Should You Consolidate Your Loans and Credit Cards to Get Out of Debt?
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People go into debt for many different reasons, and sometimes those reasons can seem absolutely necessary, especially if that person has never been taught to responsibly handle money (that would be me!). I’d dare to say that most of the time, we go into debt as a way to keep up appearances or simply because we aren’t mature enough to say no when we want something, knowing full well we don’t have the cash to buy it.
Whether you went into debt for an emergency or simply because you were taught it’s a normal part of life, there is a way out, but is debt consolidation the answer? Sometimes, yes, it is. But most of the time, I wouldn’t suggest or recommend it.
In today’s post, I’m going to talk about what debt consolidation is, and list the pros and cons, as well as talk about what I think is the absolute best and quickest way to get out of debt.
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What is Debt Consolidation?
Debt consolidation is the combining of debts in order to pay off debt faster. However, it doesn’t usually work that way.
Credit card companies will often offer an introductory lower interest rate to lure you in, but you have to keep in mind that these lower interest rates don’t last long. You also have to pay off the balance of the debt transfer before the introductory rate expires. If you don’t, the interest rate goes up (oftentimes WAY up), and you could even be subject to paying BACK INTEREST. This is where it’s important to read the fine print.
Most banks offer debt consolidation loans. Like credit card companies, they offer lower interest rates, but the term of the loan is often a lot longer, keeping you in debt and subsequently requiring you to pay more in interest over the life of the loan.
I’ll admit that we’ve actually done this before. I’ll also admit that it didn’t help us. We had multiple maxed-out credit cards, so I reached out to one of the loan officers at the bank where I worked, and she drew up a loan for me. It was great in the beginning because we only had one loan, and the payment was much lower.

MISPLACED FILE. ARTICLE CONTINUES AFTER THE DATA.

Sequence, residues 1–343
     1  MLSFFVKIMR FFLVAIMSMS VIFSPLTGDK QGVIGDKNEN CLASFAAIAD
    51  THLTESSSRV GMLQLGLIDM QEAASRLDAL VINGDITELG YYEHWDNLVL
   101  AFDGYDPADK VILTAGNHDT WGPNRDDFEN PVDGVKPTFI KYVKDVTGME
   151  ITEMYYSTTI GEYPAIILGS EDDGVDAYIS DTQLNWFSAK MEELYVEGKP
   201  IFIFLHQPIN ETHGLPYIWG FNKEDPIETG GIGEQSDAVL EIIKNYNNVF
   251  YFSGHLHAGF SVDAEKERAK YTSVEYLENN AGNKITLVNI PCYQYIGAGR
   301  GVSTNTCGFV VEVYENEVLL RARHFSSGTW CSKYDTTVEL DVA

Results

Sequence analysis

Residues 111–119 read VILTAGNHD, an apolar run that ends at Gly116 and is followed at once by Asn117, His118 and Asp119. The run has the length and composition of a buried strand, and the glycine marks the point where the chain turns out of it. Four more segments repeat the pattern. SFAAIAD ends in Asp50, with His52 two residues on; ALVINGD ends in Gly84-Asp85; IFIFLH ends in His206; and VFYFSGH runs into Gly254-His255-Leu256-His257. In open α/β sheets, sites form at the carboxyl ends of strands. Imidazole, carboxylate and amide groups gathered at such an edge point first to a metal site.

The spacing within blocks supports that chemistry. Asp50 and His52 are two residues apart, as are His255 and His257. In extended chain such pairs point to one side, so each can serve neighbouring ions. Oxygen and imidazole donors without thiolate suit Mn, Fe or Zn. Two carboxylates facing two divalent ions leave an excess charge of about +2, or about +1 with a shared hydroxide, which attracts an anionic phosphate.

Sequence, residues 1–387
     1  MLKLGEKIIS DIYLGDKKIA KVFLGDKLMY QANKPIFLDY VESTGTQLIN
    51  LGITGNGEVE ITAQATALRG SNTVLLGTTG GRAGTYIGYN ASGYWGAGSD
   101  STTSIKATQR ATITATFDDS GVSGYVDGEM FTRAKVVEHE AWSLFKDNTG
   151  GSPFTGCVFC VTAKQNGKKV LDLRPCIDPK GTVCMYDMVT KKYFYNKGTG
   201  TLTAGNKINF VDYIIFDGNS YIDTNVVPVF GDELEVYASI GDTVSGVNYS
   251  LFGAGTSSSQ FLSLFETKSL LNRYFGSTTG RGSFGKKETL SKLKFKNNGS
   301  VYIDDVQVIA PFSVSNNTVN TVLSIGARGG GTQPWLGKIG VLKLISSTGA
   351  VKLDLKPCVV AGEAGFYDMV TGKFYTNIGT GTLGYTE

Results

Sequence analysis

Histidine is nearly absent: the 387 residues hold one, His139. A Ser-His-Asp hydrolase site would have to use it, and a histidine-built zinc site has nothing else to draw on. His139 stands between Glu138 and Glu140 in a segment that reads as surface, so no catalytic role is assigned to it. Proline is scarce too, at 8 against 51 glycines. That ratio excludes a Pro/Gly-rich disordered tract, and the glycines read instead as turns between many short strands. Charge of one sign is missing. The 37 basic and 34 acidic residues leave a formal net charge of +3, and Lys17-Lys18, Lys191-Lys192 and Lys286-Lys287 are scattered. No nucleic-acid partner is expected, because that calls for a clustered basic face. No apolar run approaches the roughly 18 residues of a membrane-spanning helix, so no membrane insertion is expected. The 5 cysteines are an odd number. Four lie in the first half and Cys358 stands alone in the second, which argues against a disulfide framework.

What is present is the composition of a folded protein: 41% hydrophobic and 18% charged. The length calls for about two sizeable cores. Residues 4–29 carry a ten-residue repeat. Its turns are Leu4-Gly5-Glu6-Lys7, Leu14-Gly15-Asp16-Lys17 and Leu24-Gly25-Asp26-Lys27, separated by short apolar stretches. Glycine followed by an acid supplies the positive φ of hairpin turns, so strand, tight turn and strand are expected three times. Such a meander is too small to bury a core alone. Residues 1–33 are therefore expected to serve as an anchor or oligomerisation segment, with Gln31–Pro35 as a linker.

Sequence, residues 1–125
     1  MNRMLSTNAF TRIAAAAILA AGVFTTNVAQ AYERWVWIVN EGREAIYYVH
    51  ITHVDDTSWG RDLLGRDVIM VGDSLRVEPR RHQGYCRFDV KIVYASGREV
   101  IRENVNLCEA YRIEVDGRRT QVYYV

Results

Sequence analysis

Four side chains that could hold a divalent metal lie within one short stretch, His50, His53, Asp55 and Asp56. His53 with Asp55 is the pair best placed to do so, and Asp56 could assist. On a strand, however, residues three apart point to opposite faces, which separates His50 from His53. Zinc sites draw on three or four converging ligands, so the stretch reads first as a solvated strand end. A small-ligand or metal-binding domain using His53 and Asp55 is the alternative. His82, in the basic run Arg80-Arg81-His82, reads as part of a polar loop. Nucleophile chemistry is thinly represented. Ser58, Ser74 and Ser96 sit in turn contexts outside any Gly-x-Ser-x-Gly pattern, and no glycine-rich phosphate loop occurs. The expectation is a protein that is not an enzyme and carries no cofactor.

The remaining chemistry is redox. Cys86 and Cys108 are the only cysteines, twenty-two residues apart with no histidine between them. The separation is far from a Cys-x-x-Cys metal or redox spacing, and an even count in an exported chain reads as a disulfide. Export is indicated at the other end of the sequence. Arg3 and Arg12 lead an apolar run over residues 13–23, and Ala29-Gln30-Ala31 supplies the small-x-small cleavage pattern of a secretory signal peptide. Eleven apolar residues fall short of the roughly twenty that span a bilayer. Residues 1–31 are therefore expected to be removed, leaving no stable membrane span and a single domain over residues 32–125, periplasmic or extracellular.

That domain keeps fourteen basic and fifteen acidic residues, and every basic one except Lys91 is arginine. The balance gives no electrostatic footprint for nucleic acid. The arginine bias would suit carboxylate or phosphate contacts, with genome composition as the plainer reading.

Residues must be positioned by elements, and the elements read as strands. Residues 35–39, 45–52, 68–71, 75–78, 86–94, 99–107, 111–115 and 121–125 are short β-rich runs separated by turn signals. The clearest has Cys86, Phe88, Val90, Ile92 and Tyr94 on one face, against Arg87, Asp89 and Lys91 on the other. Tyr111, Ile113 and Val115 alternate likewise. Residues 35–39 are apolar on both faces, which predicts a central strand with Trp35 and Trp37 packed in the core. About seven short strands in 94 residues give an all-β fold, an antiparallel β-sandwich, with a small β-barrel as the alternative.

However, I soon realized what a mistake it was. We still had our credit cards open, and we hadn’t worked on our financial behavior at all, so guess what happened to those credit cards. You guessed it. We maxed them out again while still paying on our debt-consolidation loan. If you really want to get out of debt for good, you have to work on your money habits.
Pros and Cons of Debt Consolidation
It pays off debts quickly.
You only have one monthly payment instead of several.
The payment is typically lower.
The interest rate is typically lower for banks, and credit card companies offer an introductory low rate.
You still have open credit cards available, which can easily be maxed out again if you’re not disciplined.
You have a longer term, keeping you in debt longer.
You will pay more in interest, double in most cases, because of the longer term.
No change in financial behavior (the real issue).
Should You Consolidate Your Debt?
In some extreme cases, like avoiding bankruptcy, yes, I think debt consolidation is the way to go, but for most people, it’s a trap. This is how credit card companies and banks make their money. It may seem too good to be true, and chances are, it definitely is.
The Best Way to Pay Off Debt
In my opinion, the absolute best way to pay off debt quickly is the debt snowball method. It’s the method we are using to pay off our debt, which is a journey we started last October.
How to do the Debt Snowball Method
Make a list of all debts from smallest to largest.
Make the minimum payment on all debts except the first (smallest) one.
Determine how much extra money you can throw at your smallest debt payment each month. Any amount you can do is great!
When that first debt is paid off (yay!), add the total you were paying toward your first debt payment to your second-smallest debt’s minimum payment.
Repeat on the third debt when the second debt is paid off, and then move on to the next.
You’ll notice your payment to the smallest debt getting bigger and bigger each time you pay off a debt, but you’ll be paying the same amount each month. This is why it’s called the snowball method.
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I think the debt snowball method is great because not only does it pay off debts quickly, it also gets you to work on your money behavior, which is the real issue if we’re being honest with ourselves. At least that’s the case for us and many others like us.
Again, debt consolidation should only be used in necessary circumstances and only if you’ve read the fine print and determined it’s the best thing for your particular situation. Otherwise, the debt snowball method is a fantastic way to help you get out of debt and reach your money goals.
Have you used the debt snowball method to get out of debt? I’d love to hear about it in the comments below!